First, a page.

There was surprisingly little news impacting financial markets last week. In a follow up to the drone strikes in Saudi Arabia, the Trump administration is pushing for increased sanctions on Iran. Secretary Pompeo visited Saudi Arabia last week to construct a coalition to deter Iran, who is believed to have supported the Houthi rebels that have claimed responsibility for the attack. Saudi Arabia made similar comments, choosing to present its case to the UN soon rather than launch a conventional war, for now. The Middle East continues to be a volatile region and further escalation, or all-out war, could disrupt global oil production given the region’s importance to it.
The Fed moved as expected by lowering interest rates 25 basis points. Despite strong labor markets and positive US economic outlook, it cited global developments and muted inflation pressures as reasons for the cut. These global developments are slowing global growth (especially outside the US) and an uncertain outcome of US trade disputes. The weakening in global growth data and heightened risks caused the Fed to proactively respond with a rate cut. Powell’s press conference relayed the message of responding to weakening global data, different from its “mid-cycle adjustment” stance last meeting. If the global data continue to show further slowdown, market participants can expect more rate cuts.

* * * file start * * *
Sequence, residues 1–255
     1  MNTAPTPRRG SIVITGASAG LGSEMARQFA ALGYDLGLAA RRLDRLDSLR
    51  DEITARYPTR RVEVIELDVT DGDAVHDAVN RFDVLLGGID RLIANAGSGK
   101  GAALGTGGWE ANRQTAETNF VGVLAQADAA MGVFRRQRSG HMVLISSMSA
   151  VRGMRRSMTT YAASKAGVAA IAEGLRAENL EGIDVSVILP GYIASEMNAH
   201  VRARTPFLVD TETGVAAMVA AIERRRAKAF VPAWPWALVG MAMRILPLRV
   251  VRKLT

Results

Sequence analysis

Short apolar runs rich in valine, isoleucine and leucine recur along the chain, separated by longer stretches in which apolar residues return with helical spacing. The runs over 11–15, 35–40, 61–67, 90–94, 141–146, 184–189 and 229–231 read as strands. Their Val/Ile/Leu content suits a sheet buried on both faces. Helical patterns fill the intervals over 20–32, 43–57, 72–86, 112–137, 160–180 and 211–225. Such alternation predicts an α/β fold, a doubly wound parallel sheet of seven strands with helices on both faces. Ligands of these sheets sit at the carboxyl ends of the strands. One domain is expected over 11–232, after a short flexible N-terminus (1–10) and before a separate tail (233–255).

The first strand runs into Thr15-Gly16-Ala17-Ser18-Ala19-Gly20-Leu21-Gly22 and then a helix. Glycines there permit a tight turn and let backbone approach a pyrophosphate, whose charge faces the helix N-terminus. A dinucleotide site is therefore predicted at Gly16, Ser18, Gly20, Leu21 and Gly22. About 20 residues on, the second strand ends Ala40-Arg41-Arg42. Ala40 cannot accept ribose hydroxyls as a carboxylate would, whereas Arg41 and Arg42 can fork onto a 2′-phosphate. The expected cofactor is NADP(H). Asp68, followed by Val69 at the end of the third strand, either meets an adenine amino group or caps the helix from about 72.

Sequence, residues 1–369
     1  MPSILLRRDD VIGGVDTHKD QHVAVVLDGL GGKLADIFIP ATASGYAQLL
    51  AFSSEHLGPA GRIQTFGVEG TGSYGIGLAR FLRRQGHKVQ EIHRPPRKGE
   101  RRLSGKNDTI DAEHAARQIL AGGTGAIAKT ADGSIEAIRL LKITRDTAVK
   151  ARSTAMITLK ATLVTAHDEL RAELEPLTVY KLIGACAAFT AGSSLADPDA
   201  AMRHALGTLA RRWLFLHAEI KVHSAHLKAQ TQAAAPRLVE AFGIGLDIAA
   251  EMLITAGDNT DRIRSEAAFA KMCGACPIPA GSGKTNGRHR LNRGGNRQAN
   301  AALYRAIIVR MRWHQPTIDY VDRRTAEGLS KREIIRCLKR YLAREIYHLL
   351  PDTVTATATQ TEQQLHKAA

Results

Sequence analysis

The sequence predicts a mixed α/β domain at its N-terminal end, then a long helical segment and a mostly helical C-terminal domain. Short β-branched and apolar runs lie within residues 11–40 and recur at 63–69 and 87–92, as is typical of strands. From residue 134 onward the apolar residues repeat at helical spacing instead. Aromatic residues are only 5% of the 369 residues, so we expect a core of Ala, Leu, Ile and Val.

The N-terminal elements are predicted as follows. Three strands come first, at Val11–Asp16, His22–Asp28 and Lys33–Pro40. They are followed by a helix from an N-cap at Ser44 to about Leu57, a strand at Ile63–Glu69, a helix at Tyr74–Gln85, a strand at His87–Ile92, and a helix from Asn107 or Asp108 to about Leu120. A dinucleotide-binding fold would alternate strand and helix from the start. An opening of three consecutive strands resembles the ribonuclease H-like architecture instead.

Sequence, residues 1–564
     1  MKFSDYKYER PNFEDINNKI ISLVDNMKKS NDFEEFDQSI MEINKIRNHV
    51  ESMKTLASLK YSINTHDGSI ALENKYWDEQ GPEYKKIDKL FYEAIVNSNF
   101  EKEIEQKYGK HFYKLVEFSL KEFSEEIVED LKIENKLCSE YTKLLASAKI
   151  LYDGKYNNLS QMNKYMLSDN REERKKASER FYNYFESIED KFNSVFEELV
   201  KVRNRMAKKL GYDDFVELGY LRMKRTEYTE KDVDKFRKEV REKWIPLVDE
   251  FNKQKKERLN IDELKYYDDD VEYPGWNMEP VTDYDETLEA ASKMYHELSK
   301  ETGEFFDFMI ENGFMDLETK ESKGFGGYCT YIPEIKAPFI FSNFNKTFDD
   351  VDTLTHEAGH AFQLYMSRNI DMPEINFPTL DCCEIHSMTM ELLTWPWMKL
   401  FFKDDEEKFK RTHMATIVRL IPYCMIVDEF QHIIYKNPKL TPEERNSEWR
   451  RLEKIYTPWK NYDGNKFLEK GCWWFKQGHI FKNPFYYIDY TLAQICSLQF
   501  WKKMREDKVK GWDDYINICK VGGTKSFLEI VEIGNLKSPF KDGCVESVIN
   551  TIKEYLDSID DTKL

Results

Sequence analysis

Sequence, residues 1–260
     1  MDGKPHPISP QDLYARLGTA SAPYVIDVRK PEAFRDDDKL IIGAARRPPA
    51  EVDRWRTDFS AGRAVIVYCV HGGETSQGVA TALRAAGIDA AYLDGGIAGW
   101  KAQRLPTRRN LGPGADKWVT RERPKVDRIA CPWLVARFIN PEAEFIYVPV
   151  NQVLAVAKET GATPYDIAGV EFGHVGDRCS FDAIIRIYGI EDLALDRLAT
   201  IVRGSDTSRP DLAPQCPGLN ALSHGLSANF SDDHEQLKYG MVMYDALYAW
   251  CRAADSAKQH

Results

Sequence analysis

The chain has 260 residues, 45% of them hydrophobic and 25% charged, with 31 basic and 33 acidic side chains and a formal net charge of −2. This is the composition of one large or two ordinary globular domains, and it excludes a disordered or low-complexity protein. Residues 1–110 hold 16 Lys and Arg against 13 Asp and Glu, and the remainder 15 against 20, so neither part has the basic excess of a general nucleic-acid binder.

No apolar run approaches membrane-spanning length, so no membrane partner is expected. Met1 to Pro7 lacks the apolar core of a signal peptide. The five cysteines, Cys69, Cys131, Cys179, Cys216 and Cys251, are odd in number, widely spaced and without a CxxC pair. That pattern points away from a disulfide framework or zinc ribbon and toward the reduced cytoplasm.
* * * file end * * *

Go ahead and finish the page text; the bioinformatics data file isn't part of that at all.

Both sides in the US-China trade war are still leaving the public in the dark. Chinese negotiators were in Washington D.C. last week but they left earlier than scheduled, opting to skip visits to farmlands in Montana and Nebraska. The public has little information to go on but the fact that neither side is making combative public statements can be interpreted as progress rather than escalation. The next important deadline is October 15 when tariffs will be raised from 25% to 30% on $250 billion of Chinese goods.
Industrial production and the Fed business outlook survey were stronger than expected, a positive for a manufacturing sector that has recently struggled. Both housing starts and existing home sales were also stronger than expected.
This week will see releases on consumer confidence, GDP, durable goods orders, and personal income and outlays.
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